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intr.v. ad·vert·ed, ad·vert·ing, ad·verts
1. To turn attention. Used with to: The board next adverted to compensation issues.
2. To call attention; refer. Used with to: He adverted to the problem in the opening paragraph.
[Middle English adverten, from Old French advertir, to notice, from Latin advertere, to turn toward; see adverse.]
n. Chiefly British
(Marketing) informal Brit short for advertisement
(foll by: to) to draw attention (to); refer (to)
[C15: from Latin advertere to turn one's attention to. See adverse]
1. to remark or comment; refer (usu. fol. by to): He adverted briefly to the news of the day.
2. to turn the attention (usu. fol. by to): The committee adverted to the business at hand.
[1375–1425; late Middle English < Old French a(d)vertir « Latin advertere to pay attention =ad- ad- + vertere to turn]
[1860; by shortening]
Past participle: adverted
short for advertisement. I saw your advert in yesterday's newspaper.
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|Noun||1.||advert - a public promotion of some product or service|
direct mail - advertising sent directly to prospective customers via the mail
preview, prevue, trailer - an advertisement consisting of short scenes from a motion picture that will appear in the near future
promotion, promotional material, publicity, packaging - a message issued in behalf of some product or cause or idea or person or institution; "the packaging of new ideas"
advertorial - an advertisement that is written and presented in the style of an editorial or journalistic report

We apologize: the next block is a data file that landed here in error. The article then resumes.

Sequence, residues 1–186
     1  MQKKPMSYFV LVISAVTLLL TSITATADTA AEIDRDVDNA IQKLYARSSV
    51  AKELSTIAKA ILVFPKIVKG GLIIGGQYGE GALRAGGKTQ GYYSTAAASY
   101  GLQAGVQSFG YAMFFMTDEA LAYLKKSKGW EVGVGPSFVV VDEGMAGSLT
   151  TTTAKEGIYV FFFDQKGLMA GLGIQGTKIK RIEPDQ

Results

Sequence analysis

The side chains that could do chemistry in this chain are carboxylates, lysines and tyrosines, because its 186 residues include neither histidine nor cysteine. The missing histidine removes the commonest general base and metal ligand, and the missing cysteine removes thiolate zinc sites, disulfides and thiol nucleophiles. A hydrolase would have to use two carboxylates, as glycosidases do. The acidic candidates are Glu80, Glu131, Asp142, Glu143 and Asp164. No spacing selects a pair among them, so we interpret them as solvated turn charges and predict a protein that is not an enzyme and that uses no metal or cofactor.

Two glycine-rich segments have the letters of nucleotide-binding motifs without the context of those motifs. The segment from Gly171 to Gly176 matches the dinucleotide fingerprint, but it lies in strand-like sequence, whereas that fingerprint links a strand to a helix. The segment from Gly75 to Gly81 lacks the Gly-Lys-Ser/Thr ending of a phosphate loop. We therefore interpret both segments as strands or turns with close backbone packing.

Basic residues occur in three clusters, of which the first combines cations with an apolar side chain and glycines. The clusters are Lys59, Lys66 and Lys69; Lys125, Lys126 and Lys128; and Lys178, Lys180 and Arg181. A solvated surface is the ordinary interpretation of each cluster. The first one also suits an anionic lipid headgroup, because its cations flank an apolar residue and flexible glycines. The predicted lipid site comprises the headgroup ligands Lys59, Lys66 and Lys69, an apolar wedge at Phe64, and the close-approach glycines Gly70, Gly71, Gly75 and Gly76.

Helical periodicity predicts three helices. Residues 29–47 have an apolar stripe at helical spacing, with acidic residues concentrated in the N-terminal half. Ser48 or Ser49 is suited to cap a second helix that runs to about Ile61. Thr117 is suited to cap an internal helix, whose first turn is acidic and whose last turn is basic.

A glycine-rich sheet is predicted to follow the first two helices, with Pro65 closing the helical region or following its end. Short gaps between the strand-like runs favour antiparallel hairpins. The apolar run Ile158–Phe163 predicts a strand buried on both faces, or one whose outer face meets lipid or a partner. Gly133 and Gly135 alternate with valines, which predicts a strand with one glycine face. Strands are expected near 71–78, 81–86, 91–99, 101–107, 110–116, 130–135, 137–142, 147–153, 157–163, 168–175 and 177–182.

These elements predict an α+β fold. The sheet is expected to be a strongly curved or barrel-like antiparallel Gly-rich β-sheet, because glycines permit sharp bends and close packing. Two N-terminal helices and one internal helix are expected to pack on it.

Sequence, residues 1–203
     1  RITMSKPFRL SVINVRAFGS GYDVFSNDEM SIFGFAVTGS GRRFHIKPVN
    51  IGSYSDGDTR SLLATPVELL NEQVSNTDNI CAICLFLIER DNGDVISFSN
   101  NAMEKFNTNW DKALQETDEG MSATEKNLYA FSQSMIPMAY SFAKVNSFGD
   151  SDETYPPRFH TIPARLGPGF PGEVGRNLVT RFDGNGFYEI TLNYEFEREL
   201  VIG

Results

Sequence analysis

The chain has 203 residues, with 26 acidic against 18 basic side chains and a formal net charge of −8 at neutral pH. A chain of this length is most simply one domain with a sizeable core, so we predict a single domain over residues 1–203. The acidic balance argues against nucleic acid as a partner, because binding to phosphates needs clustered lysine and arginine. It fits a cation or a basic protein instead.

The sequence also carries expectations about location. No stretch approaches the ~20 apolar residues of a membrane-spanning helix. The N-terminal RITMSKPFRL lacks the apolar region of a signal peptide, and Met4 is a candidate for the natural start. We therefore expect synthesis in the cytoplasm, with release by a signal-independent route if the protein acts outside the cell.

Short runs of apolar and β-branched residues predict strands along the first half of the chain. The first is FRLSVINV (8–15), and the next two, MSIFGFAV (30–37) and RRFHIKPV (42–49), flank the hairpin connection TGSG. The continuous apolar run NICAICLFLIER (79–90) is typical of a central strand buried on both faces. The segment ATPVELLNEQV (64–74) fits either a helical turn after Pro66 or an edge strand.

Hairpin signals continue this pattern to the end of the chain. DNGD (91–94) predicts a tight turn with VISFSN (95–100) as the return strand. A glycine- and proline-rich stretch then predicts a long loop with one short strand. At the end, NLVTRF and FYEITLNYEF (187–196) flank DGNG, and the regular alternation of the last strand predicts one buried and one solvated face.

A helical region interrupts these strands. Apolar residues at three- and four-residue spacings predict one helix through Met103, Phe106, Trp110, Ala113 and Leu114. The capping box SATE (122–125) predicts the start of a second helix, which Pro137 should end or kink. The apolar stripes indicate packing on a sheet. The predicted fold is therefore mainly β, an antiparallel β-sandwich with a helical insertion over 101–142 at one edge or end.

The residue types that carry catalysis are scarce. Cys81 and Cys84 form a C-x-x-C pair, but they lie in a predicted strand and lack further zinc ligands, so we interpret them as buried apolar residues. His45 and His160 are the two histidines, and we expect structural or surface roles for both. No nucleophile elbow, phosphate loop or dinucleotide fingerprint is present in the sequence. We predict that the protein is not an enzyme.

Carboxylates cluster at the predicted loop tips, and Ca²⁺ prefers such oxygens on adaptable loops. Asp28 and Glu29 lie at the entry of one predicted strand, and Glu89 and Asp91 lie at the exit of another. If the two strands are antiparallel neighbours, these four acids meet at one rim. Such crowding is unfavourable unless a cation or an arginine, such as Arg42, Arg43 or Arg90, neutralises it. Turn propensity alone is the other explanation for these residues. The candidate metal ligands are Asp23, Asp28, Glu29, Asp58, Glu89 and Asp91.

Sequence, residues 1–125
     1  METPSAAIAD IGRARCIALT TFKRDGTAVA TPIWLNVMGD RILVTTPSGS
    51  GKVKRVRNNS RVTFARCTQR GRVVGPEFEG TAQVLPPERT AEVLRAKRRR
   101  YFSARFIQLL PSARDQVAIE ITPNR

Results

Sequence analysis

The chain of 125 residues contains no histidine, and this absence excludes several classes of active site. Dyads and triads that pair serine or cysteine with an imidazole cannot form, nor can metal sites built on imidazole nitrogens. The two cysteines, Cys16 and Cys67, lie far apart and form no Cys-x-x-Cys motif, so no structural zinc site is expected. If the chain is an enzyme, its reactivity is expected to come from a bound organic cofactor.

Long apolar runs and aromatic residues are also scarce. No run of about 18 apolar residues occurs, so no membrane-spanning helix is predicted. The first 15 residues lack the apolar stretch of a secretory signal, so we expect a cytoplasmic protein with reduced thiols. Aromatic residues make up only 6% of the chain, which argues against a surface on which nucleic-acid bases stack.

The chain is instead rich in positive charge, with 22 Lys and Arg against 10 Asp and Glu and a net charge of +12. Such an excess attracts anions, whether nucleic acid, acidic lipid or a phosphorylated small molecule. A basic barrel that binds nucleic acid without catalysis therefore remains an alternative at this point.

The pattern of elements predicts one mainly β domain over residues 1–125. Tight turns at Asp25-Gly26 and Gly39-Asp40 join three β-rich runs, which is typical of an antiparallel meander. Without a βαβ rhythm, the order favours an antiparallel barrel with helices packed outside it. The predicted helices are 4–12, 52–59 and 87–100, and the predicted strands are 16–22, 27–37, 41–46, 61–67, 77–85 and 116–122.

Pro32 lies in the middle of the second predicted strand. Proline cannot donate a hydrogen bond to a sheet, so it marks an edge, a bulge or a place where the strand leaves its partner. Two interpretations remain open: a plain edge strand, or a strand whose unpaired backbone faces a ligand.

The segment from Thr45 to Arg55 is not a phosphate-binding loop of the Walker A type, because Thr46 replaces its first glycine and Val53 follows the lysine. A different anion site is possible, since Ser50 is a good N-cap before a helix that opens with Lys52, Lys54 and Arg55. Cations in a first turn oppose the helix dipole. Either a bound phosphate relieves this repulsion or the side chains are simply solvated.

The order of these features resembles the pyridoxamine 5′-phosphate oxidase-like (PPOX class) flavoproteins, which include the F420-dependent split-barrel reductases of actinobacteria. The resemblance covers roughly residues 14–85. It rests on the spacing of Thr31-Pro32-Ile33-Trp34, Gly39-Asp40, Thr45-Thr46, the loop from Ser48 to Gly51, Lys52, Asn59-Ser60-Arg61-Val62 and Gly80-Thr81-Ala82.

mailer - an advertisement that is sent by mail
broadsheet, broadside, circular, flyer, handbill, throwaway, flier, bill - an advertisement (usually printed on a page or in a leaflet) intended for wide distribution; "he mailed the circular to all subscribers"
teaser - an advertisement that offers something free in order to arouse customers' interest
top billing - the advertisement of a star's name at the top of a theatrical poster
|Verb||1.||advert - give heed (to); "The children in the audience attended the recital quietly"; "She hung on his every word"; "They attended to everything he said"|
listen - hear with intention; "Listen to the sound of this cello"
fixate - pay attention to exclusively and obsessively; "The media are fixating on Princess Diana's death"
|2.||advert - make a more or less disguised reference to; "He alluded to the problem but did not mention it"|
|3.||advert - make reference to; "His name was mentioned in connection with the invention"|
have in mind, think of, mean - intend to refer to; "I'm thinking of good food when I talk about France"; "Yes, I meant you when I complained about people who gossip!"
commend, remember - mention as by way of greeting or to indicate friendship; "Remember me to your wife"
speak of the devil - mention someone's name who just then appears
remember - mention favorably, as in prayer; "remember me in your prayers"
quote, cite - refer to for illustration or proof; "He said he could quote several instances of this behavior"
touch on - refer to or discuss briefly
invoke, appeal - cite as an authority; resort to; "He invoked the law that would save him"; "I appealed to the law of 1900"; "She invoked an ancient law"
namedrop - refer to people that one assumes one's interlocutors admire in order to try to impress them
bring up, raise - put forward for consideration or discussion; "raise the question of promotions"; "bring up an unpleasant topic"
cross-refer - refer from one entry to another, as in catalogues, books, and lists